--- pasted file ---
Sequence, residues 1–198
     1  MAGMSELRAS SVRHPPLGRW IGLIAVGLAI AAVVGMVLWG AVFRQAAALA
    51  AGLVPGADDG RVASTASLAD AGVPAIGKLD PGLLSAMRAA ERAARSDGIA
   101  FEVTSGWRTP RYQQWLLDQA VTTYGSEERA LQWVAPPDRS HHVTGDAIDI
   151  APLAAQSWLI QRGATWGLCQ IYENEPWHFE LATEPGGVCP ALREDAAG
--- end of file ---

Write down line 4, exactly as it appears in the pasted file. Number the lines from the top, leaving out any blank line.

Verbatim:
   101  FEVTSGWRTP RYQQWLLDQA VTTYGSEERA LQWVAPPDRS HHVTGDAIDI